May 08, 2012
/ by Sukhraj Beasla
In the ever evolving world of social media, trends come and go however one remains consistent and that is taking (and sharing) photos of what we eat.
This trend is sustained by the millennials aged between 18-32 and making up 49% of the food sharing crowd seeking out recipes online (via Pinterest), texting and tweeting while they eat, and multitasking at the table all while enjoying the meal at hand (supposedly). I know because I’m one of them with my own food blog, fan page, twitter account, Google+ page, you name it. Do you see it now? It’s an obsession but a delicious one. Food (and artful representations of food) otherwise dubbed “food porn” get people talking, asking about the recipes, or the place it was eaten. It’s free advertising for the home chef or restaurant so why not take advantage of it and inspire amateur photographers to take photos of your food. There’s even an Instagram community dedicated to food.
As this trend continues to evolve, app makers have gotten smart and started to create apps specifically for food. The average amateur food photographer probably knows what I’m talking about here. First on the scene was Foodspotting, followed by Forkly, Chewsy, Trumpet, Fondu, Oink, Urbantag, and now the popular note sharing app, Evernote, has jumped on board with their own version with Evernote Food.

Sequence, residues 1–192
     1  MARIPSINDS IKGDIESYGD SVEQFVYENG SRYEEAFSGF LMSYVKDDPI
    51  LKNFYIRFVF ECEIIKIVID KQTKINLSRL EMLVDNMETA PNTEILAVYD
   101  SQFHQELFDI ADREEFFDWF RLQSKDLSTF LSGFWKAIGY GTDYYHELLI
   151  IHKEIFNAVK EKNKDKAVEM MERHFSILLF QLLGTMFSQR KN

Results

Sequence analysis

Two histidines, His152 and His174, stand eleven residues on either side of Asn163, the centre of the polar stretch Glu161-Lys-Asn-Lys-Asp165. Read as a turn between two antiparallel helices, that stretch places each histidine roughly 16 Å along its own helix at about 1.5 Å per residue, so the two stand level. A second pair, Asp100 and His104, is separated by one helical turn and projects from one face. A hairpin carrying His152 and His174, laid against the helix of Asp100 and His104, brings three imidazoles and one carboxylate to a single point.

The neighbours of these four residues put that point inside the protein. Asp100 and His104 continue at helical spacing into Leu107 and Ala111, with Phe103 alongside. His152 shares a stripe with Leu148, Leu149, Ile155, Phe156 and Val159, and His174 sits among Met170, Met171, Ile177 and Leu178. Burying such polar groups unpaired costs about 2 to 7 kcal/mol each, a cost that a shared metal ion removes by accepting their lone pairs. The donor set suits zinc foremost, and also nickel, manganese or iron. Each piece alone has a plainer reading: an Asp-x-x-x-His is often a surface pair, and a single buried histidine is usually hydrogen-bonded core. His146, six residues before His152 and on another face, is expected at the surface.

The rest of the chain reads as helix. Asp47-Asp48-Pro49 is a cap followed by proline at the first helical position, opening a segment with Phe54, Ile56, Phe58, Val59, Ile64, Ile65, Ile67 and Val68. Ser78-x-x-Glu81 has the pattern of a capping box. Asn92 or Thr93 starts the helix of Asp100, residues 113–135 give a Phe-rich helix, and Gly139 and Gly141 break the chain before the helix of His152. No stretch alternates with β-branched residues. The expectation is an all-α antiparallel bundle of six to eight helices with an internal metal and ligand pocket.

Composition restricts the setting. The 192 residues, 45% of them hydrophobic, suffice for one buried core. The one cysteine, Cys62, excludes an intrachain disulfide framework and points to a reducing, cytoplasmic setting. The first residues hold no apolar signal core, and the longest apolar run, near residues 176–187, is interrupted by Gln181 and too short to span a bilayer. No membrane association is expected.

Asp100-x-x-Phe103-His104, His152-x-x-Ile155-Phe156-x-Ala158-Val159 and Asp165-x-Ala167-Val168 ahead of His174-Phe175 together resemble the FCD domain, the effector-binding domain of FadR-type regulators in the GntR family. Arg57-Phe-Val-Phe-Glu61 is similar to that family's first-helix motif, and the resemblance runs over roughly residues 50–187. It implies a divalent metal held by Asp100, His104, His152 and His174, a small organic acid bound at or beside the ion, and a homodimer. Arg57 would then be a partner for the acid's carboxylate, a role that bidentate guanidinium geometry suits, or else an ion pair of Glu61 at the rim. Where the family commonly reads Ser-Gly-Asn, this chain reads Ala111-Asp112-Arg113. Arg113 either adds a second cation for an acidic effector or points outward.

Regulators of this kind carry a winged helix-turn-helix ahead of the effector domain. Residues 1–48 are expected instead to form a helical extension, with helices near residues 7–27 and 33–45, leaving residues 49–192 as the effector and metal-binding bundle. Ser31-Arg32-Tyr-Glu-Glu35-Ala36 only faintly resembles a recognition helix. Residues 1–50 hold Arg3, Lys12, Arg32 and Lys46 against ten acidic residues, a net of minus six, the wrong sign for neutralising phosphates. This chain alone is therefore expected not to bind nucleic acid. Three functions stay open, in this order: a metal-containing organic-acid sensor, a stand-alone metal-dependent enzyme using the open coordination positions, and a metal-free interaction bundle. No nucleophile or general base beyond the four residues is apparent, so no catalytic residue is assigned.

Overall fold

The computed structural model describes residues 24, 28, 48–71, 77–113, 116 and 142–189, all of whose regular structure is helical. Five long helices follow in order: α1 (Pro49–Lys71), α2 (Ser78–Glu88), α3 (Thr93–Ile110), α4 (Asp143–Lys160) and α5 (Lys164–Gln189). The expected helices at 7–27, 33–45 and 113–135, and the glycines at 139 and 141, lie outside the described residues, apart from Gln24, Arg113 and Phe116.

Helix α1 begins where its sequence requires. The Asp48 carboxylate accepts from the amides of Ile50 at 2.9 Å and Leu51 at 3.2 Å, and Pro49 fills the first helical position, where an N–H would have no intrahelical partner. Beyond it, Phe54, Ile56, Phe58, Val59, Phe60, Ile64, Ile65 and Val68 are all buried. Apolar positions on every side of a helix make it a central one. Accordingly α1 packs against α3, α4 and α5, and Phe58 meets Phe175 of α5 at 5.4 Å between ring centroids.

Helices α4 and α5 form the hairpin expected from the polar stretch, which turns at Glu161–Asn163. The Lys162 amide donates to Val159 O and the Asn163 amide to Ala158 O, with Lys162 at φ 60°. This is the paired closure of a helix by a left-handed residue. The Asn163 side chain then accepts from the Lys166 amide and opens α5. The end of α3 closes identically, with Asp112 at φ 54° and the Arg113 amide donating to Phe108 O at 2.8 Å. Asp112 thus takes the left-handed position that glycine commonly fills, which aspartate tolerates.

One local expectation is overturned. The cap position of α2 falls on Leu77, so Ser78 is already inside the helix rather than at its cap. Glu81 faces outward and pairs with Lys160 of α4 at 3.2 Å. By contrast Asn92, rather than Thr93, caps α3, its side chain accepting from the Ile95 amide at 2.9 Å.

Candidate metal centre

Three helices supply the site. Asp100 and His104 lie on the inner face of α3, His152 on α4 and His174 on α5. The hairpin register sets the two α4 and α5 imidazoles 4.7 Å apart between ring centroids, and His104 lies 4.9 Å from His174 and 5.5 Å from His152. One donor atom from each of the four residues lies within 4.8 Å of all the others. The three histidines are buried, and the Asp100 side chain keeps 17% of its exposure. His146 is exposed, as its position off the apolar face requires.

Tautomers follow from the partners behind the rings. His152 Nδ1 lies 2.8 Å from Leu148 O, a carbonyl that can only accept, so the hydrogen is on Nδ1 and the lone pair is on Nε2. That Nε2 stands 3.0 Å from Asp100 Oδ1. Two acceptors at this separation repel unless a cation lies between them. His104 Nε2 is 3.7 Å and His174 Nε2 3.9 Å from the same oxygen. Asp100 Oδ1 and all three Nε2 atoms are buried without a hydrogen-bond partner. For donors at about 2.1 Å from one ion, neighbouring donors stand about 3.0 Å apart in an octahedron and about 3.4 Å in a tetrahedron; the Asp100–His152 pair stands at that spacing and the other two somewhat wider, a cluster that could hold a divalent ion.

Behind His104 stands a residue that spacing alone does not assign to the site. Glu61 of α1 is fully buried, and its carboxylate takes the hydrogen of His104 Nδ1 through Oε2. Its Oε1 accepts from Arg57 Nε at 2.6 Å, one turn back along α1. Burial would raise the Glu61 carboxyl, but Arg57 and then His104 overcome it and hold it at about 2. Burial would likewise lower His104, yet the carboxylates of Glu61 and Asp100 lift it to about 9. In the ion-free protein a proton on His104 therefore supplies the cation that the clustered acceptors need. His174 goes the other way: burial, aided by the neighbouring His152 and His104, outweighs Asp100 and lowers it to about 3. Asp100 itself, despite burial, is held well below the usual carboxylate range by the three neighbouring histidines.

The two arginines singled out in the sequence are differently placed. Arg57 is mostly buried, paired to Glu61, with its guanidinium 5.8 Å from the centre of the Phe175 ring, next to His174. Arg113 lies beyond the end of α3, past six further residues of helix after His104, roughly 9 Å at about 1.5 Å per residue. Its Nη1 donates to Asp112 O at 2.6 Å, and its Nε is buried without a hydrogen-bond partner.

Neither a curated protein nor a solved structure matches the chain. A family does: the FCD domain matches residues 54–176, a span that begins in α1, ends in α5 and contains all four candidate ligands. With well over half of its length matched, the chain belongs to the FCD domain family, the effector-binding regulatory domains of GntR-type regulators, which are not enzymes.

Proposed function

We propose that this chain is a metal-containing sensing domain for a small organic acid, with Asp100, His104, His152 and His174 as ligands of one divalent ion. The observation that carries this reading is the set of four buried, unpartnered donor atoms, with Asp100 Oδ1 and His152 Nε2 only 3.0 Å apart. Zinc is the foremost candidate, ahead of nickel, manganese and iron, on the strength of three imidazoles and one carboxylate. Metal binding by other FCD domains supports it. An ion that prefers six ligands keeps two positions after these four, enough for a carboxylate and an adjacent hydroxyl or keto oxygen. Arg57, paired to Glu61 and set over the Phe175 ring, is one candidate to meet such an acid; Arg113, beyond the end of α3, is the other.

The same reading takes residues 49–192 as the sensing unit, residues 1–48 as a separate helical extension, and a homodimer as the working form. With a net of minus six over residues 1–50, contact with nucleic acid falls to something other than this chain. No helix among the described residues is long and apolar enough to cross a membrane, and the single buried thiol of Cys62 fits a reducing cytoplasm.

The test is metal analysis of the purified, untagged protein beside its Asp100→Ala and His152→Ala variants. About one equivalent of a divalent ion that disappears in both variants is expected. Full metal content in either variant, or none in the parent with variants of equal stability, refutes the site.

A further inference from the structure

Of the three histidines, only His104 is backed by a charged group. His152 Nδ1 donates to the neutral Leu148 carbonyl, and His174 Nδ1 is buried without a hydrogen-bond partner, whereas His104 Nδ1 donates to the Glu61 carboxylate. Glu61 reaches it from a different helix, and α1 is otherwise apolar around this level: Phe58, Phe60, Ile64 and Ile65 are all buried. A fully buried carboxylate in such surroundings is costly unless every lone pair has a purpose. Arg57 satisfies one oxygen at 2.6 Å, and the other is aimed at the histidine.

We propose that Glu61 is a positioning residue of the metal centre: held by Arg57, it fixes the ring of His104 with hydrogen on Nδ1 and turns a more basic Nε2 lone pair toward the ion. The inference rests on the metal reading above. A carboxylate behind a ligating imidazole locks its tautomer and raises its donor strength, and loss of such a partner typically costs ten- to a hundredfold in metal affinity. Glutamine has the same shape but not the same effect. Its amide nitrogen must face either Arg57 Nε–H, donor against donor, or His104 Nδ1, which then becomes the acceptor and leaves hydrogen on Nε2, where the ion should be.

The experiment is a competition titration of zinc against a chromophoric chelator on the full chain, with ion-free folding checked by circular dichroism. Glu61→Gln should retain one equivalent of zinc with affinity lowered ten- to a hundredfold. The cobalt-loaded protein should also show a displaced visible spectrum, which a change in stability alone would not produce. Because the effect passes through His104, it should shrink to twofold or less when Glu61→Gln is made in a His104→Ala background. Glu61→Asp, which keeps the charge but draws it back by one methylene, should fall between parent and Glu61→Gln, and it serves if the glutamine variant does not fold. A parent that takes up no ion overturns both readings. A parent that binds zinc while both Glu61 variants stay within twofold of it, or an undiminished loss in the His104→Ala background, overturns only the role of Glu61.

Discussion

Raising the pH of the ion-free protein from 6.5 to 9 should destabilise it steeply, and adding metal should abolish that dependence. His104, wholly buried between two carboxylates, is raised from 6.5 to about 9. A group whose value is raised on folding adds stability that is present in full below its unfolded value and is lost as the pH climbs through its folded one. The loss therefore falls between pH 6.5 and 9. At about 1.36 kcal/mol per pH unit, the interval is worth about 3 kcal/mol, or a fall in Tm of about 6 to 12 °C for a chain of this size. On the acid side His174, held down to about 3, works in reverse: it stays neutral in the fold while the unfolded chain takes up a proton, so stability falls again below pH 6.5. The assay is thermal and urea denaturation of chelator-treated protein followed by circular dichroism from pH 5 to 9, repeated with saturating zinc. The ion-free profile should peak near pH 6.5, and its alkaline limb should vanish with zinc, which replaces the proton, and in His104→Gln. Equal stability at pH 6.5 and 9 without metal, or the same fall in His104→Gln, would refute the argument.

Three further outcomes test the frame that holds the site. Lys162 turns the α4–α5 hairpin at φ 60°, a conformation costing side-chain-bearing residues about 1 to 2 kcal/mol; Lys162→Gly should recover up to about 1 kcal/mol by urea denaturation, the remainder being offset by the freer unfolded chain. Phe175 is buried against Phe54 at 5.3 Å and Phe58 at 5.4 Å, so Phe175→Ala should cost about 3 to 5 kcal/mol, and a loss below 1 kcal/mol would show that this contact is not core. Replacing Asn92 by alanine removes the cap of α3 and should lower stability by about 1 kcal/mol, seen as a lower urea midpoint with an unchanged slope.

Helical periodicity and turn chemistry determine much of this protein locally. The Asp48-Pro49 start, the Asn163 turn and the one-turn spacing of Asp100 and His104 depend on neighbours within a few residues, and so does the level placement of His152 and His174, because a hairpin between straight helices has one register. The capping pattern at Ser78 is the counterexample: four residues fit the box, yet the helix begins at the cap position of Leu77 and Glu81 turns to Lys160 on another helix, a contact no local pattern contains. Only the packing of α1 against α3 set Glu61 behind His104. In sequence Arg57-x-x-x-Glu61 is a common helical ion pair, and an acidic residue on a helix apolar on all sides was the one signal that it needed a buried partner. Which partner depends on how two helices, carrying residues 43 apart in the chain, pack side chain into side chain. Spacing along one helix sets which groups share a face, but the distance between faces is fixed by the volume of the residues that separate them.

So what makes this trend so popular and why won’t it fade? Simple. Remember sitting down at a dinner table as a kid or enjoying a meal out with friends? You were always sharing the experience via word of mouth with friends or right there at the table. It’s only natural that this would continue online. Social media just made the process easier but putting it at your fingertips and providing you with more tools to share that love for food online. “Consumers used to rely on mom and family traditions for meal planning, but now search online for what to cook, without ever tasting or smelling,” said Laurie Demeritt, president and COO at The Hartman Group. “Digital food selection is less of a sensory experience and more of a visual and rational process: What’s on the label? What’s in the recipe? Show me the picture!”
Do you share photos of your food online? What do you think of this trend? Tell us in the comments below.
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